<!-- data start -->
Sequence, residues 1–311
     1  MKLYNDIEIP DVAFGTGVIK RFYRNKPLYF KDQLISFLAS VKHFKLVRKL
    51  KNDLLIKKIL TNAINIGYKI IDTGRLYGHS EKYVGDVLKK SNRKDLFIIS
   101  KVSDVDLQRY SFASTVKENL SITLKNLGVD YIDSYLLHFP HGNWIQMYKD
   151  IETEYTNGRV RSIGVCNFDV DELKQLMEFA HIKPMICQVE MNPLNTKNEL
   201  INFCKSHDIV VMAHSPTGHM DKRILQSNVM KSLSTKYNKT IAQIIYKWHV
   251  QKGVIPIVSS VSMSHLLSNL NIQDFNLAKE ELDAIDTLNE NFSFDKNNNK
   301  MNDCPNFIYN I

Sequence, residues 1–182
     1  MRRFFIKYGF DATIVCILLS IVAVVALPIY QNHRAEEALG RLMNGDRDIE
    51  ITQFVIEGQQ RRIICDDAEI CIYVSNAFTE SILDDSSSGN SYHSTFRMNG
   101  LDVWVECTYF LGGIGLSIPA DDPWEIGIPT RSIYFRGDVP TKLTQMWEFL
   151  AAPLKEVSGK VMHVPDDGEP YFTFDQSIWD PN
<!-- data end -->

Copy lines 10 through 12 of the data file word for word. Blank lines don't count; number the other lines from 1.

     1  MRRFFIKYGF DATIVCILLS IVAVVALPIY QNHRAEEALG RLMNGDRDIE
    51  ITQFVIEGQQ RRIICDDAEI CIYVSNAFTE SILDDSSSGN SYHSTFRMNG
   101  LDVWVECTYF LGGIGLSIPA DDPWEIGIPT RSIYFRGDVP TKLTQMWEFL